Notes for Editors

For more information about the Windham-Campbell Prizes please contact Midas:

Hannah McMillan | Hannah.mcmillan@midaspr.co.uk | +447971 086649

Jane Lau | jane.lau@midaspr.co.uk | +447500 079752





Deirdre Madden (Ireland)

Deirdre Madden is a writer from Toomebridge, County Antrim, Northern Ireland. The author of eight acclaimed novels, she has twice been a finalist for the Women’s Prize for Fiction (2009, 1996) and has received numerous other awards and honors, including the Hennessy Literary Awards Hall of Fame (2014), the Somerset Maugham Award (1989), and the Rooney Prize for Irish Literature (1980). Madden’s narratives often begin from a deceptively simple premise—the birthday of a friend (Molly Fox’s Birthday [2008]); a chance meeting with a stranger (Authenticity [2002])—from which emerge complex and elegant meditations on art and experience, love and knowledge, memory and meaning. In her novel Time Present and Time Past (2013), a character watches the ticking hands of a clock, reflecting that “sometimes he feels he can almost hear time rushing past him; it is like a kind of unholy wind.” Madden’s stories show us how we are both bound and freed by the “unholy wind” of time. Her characters’ lives are intersected by extraordinary events: some political (the Troubles), some economic (the rise and fall of the Celtic Tiger), some personal, all sudden openings that offer the rare opportunity for transformation and even transcendence. Madden holds a BA from Trinity College, Dublin and an MA from the University of East Anglia. She has been a member of Aosdána, the affiliation of creative artists in Ireland, since 1997, and is currently an Associate Professor of Creative Writing and Co-Director of the M.Phil in Creative Writing at Trinity College, Dublin.

“To have such wonderful and such wholly unexpected news has been just amazing. I’m still astonished!”


Kathryn Scanlan (United States)

Born in Iowa in 1980, Kathryn Scanlan is the author of two novels and one collection of short stories. With echoes of Donald Barthelme and Silvina Ocampo, Sherwood Anderson and Raymond Carver, Scanlan’s rich, sharp, and absurdist works defy traditional genre categorization. Her debut, Aug 9—Fog (2019), narrates a year in the life of an octogenarian woman caring for her dying son-in-law—a chronicle that Scanlan spins from an actual diary she purchased at an estate sale. Her most recent work, Kick the Latch (2022), continues to tread the line between fiction and nonfiction, oral history and the novel, building upon and inventing from interviews that Scanlan did with a real horse trainer. At once expansive and spare, Kick the Latch brings to exhilarating life the world of horse racing: its dim racetrack bars and gritty roadside motels, its fancy boots and the strange language of “grooms, jockeys, trainers, racing secretaries, stewards, pony people, hotwalkers, everybody.” Scanlan, winner of a 2021 Literature Award from the American Academy of Arts and Letters, is an innovator of form, endlessly interested in ordinary life and its extraordinary, if intermittent, heights of beauty, suffering, violence, and pleasure. Scanlan’s work has appeared in Egress, Granta, and NOON, among other places, and her short story “The Old Mill” was selected by Michael Cunningham for the 2010 Iowa Review Fiction Prize. A graduate of the University of Iowa and the School of the Art Institute of Chicago, she currently lives in Los Angeles.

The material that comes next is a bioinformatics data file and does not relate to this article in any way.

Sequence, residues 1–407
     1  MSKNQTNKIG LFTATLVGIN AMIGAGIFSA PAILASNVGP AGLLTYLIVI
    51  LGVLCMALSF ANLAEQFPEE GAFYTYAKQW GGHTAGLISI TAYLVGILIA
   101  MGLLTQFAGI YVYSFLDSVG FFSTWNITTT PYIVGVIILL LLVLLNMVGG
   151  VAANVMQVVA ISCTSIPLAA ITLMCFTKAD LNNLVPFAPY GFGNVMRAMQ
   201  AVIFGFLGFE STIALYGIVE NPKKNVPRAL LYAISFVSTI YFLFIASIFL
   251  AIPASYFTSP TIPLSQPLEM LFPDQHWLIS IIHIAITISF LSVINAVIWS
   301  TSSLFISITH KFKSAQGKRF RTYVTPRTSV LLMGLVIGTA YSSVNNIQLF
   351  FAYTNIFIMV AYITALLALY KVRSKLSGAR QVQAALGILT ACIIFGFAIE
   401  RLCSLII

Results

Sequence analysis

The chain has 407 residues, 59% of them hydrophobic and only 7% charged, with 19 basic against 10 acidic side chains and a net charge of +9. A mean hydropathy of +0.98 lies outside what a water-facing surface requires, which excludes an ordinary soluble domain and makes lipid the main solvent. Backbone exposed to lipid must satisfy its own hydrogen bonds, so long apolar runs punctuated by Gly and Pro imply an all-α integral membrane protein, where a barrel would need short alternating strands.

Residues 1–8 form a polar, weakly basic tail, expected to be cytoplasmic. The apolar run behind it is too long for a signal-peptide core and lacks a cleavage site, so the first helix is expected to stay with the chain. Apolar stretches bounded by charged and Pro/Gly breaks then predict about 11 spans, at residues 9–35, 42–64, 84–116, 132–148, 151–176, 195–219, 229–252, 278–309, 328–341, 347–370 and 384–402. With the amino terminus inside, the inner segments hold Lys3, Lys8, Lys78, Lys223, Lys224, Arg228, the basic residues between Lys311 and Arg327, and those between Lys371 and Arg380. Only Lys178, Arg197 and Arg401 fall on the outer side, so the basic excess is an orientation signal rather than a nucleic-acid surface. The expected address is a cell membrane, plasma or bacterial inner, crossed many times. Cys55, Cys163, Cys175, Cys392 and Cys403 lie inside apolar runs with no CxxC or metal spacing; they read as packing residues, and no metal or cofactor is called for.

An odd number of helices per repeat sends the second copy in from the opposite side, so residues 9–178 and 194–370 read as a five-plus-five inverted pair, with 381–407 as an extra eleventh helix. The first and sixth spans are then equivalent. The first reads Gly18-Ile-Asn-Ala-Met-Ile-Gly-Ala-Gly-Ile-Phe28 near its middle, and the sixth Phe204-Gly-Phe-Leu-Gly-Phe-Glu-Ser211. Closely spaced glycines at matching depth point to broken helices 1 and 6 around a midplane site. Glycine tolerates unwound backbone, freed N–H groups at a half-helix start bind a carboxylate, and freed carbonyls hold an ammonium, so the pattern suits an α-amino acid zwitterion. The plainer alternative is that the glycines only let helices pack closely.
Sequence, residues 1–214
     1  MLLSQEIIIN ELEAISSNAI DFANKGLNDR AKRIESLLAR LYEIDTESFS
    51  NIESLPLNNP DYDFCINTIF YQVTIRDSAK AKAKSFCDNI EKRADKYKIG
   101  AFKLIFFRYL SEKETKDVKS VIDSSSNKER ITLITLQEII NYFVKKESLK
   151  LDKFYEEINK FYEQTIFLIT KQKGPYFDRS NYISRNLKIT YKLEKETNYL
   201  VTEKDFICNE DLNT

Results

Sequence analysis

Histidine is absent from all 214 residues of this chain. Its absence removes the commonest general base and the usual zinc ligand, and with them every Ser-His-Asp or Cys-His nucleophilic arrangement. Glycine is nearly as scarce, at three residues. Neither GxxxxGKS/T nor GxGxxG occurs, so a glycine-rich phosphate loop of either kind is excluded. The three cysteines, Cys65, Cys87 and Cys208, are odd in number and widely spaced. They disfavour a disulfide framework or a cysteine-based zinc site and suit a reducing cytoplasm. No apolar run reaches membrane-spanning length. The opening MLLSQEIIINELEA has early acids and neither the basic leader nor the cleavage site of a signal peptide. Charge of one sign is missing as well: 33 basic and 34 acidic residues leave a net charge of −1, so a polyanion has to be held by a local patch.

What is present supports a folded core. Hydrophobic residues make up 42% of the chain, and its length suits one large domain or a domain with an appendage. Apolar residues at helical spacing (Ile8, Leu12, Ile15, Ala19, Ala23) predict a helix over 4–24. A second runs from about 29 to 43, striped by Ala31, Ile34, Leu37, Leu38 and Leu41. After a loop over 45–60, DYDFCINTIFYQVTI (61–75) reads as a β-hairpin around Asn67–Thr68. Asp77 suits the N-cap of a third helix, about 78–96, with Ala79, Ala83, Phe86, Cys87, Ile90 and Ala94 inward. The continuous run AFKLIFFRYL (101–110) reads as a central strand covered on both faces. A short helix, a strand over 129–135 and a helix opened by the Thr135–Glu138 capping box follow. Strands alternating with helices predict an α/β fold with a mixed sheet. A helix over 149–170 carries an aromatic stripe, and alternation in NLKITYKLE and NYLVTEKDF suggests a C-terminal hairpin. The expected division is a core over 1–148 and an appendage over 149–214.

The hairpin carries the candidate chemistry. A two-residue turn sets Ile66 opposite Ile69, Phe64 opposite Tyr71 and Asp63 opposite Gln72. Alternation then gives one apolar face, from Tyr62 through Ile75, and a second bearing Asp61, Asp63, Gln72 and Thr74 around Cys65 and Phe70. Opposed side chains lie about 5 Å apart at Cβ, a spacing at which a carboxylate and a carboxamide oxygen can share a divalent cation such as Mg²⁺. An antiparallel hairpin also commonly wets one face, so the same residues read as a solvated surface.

“I’ve been walking around in a daze—in a dream—since receiving the life-changing news of this prize. It’s impossible to adequately thank the judges, nominators, and Donald Windham for the generosity and support of this outrageous gift.”



Christina Sharpe (Canada/United States)

Born in Wayne, Pennsylvania, Christina Sharpe is the Canada Research Chair in Black Studies in the Humanities at York University in Toronto, Canada, as well as the author of three books of nonfiction: Ordinary Notes (2023), In the Wake: On Blackness and Being (2016), and Monstrous Intimacies: Making Post-Slavery Subjects (2010). In all her work, Sharpe explores the complex relationship between language and black being. In the Wake, for example, takes as its first principle that black death—both literal and metaphorical—remains essential to US (and global) political and social life. The book articulates a new orthography of the wake of chattel slavery through inhabiting the metaphor and material of the wake, the ship, the hold, and the weather. Sharpe’s latest work, Ordinary Notes, develops this thinking in the formally inventive, intimate and revelatory ways, fusing archival work, cultural criticism, memoir, and photography in a series of 248 numbered notes that reflect on the “ordinary extraordinary matter of black life.” “I write these ordinary things,” Sharpe says, “to detail the everyday sonic and haptic vocabularies of living life under these brutal regimes.” Sharpe’s “radiant moments of ordinariness” demonstrate, brilliantly, how beauty, as an attention to everything, can be a method and a radical force not just for recognizing and refusing antiblack structures and logics but for contending with their continuation into the brutality of the present. Sharpe’s writing has also appeared in many artist catalogues and journals. Ordinary Notes was a Finalist for the National Book Award in Nonfiction and the National Book Critics Circle Award in Nonfiction. The winner of the 2023 Hilary Weston Writers’ Trust Prize for Nonfiction, Sharpe lives in Toronto.